Devices & Diagnostics

Neoprobe sells device business to Devicor in deal that could reach $50M

Cancer diagnostics company Neoprobe (NYSE Amex:NEOP) has sold its radiation-detection device business to Devicor Medical Products in a deal that could reach a value as high as $50 million. Devicor, a Wisconsin-based holding company backed by Chicago private equity firm GTCR Golder Rauner, has agreed to buy Neoprobe’s device business for $30 million in cash […]

Cancer diagnostics company Neoprobe (NYSE Amex:NEOP) has sold its radiation-detection device business to Devicor Medical Products in a deal that could reach a value as high as $50 million.

Devicor, a Wisconsin-based holding company backed by Chicago private equity firm GTCR Golder Rauner, has agreed to buy Neoprobe’s device business for $30 million in cash and up to $20 million in royalty payments, according to a statement from Dublin, Ohio-based Neoprobe.

Under the terms of the deal, Neoprobe is eligible to receive the full royalty payment if Devicor’s sales of the acquired products exceed $21 million in any of the next five fiscal years.

For Neoprobe, the deal serves two primary purposes. First, it allows the company to focus on its drug development efforts, which are largely what provide the company’s value. The company is preparing next quarter to file for federal regulatory approval to begin selling Lymphoseek, a radiopharmaceutical that is used to identify cancerous lymph nodes in patients with breast cancer or melanoma. Approval of the drug would be a huge milestone for the company. The company estimates Lymphoseek’s market value at (pdf) $450 million.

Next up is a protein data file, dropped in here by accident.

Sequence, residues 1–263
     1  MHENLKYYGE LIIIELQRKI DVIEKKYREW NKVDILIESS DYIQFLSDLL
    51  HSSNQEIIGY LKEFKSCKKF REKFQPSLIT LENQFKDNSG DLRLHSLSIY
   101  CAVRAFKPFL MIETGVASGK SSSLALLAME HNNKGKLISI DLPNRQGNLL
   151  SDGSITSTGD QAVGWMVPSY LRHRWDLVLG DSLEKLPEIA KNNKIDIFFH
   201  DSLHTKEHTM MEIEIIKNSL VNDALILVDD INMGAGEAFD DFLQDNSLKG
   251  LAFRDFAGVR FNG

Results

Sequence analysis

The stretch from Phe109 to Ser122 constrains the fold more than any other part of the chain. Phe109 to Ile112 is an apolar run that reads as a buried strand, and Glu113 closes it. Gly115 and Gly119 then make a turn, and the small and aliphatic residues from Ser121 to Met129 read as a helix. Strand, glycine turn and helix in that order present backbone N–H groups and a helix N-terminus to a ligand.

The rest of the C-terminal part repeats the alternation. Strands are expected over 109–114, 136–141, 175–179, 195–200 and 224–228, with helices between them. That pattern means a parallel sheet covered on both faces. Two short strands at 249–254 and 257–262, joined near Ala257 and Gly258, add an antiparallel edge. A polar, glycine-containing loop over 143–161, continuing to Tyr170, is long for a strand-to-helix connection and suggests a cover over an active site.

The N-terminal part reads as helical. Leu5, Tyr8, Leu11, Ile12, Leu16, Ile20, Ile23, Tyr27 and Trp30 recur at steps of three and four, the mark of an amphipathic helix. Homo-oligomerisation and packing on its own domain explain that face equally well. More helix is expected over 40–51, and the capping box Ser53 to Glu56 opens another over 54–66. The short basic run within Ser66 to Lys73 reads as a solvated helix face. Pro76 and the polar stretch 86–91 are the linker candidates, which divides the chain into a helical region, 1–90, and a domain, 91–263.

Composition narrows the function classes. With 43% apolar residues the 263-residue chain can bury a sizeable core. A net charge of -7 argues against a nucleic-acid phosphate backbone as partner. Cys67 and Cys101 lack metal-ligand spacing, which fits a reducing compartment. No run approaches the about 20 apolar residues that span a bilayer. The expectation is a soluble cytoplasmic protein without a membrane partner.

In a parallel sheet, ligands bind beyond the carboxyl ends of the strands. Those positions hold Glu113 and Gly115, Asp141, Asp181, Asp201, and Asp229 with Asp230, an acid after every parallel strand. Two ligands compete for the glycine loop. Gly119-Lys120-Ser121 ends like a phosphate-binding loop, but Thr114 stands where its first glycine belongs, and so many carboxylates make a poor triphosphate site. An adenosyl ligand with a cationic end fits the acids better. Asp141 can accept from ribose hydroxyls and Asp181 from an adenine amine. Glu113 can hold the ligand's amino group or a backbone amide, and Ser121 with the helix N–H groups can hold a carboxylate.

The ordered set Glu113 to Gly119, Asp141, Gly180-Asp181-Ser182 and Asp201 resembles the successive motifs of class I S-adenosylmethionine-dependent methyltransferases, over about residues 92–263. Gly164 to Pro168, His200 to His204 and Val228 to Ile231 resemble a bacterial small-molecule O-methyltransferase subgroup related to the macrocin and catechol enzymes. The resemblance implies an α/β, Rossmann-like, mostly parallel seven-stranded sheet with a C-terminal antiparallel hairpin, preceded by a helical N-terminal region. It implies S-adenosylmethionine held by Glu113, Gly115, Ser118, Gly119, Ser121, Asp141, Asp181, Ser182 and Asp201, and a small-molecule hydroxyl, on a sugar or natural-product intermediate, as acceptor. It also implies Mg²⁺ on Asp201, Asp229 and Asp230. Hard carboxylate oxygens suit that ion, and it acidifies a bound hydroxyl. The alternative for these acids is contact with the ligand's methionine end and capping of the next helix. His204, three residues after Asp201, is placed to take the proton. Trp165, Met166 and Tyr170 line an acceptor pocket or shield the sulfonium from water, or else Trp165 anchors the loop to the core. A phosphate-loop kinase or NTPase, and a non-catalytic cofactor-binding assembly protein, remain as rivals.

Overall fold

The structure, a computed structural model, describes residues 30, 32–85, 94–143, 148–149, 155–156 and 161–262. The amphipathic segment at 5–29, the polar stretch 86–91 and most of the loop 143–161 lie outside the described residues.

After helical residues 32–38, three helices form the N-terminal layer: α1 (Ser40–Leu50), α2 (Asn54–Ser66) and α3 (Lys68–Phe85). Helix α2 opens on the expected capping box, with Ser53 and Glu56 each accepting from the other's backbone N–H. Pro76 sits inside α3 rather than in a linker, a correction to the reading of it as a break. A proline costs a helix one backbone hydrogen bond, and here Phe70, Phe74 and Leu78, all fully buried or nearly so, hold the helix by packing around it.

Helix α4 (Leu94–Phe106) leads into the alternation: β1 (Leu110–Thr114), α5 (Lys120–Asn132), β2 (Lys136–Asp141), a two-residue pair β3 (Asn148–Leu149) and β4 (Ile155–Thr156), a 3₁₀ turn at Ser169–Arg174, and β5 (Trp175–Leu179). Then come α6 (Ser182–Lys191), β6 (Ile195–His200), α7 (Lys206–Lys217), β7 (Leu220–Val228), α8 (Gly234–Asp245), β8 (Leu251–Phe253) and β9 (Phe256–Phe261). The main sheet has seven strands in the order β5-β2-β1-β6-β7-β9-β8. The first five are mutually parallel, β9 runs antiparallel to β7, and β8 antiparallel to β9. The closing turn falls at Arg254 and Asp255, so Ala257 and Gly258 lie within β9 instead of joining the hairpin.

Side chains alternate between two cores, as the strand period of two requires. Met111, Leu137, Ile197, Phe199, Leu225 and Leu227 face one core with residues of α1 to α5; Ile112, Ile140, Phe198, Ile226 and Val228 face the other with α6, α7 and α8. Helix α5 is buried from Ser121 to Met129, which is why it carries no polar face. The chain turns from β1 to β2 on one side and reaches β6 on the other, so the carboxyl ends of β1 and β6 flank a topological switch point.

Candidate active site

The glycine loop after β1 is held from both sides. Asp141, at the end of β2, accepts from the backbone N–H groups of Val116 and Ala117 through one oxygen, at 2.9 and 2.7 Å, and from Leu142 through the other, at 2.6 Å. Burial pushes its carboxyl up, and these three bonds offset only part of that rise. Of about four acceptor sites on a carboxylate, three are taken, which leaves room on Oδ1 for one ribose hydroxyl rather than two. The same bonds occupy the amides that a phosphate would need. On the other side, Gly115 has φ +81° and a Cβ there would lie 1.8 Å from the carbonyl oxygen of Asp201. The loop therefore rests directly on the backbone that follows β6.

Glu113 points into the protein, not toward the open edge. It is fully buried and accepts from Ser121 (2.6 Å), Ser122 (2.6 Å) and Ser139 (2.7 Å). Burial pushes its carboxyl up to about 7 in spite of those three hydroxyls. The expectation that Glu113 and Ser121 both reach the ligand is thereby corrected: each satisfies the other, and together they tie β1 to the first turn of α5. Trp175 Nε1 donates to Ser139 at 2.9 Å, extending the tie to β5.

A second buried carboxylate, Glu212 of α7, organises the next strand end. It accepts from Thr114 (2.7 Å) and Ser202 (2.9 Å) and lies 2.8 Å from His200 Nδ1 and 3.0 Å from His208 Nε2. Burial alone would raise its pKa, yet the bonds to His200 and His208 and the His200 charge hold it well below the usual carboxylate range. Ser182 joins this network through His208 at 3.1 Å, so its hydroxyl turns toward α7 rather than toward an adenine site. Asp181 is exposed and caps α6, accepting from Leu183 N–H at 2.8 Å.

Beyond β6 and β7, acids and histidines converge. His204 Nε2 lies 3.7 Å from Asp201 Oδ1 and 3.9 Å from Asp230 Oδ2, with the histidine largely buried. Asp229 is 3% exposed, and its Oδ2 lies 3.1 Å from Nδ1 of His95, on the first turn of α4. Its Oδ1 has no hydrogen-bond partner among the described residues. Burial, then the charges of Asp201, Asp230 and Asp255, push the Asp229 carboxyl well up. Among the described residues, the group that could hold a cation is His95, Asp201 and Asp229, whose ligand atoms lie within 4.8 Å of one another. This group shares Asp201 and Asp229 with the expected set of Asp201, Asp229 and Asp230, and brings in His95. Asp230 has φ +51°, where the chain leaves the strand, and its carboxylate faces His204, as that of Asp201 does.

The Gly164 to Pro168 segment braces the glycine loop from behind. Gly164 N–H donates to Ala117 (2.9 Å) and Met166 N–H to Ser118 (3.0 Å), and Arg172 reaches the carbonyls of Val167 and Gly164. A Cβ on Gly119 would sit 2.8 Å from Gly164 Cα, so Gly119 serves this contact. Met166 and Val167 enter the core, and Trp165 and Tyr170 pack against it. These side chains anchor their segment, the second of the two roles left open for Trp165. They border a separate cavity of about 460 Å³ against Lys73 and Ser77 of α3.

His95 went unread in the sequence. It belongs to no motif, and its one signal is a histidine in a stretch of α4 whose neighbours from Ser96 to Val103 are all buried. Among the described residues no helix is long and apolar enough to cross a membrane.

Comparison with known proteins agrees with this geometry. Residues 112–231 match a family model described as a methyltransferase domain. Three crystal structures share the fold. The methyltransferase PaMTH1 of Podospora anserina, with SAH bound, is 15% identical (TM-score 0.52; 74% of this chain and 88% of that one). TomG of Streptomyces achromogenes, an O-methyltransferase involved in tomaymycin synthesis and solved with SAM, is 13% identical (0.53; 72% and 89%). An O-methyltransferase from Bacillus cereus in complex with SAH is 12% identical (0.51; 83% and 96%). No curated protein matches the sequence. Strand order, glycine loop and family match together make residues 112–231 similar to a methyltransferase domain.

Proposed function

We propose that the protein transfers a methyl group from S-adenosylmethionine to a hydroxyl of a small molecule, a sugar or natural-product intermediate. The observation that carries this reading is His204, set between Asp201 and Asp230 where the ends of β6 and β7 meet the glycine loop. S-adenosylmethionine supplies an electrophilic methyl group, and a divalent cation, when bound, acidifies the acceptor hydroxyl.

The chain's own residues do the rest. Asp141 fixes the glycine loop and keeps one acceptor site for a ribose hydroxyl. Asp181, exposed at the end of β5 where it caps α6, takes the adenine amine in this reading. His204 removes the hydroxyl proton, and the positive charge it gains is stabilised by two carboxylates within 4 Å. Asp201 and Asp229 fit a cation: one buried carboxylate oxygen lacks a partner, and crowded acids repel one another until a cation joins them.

“This transaction allows Neoprobe to strategically focus its expertise, competencies and resources in the radiopharmaceutical space and in doing so become a pure-play specialty pharmaceutical company where attractive valuations can be realized for our shareholders,” CEO Mark Pykett said in the statement.

Second, the deal gives Neoprobe some much-needed cash to buy candidates to fill its pipeline between Lymphoseek and RIGScan, another radiopharmaceutical that is likely several years away from commercialization. With such a wide gap between potential product launches, Neoprobe will almost certainly seek to acquire a company or license a drug to fill that gap.

CFO Brent Larson last month discussed with MedCity News the company’s desire to add to its pipeline after Neoprobe filed documents with federal regulators that would allow the company to sell up to $100 million in new shares.

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The sale will also provide financing for Neoprobe’s development program for RIGScan, a targeting agent used to detect tumors left behind after colon cancer surgery.

Neoprobe plans to move forward with manufacturing this year and would begin clinical development of RIGScan next year. The drug has been dormant for more than a decade after the U.S. Food and Drug Administration didn’t approve its application in 1997, saying the company needed to conduct further clinical studies. Pykett has pegged the drug’s worldwide market potential at $3 billion.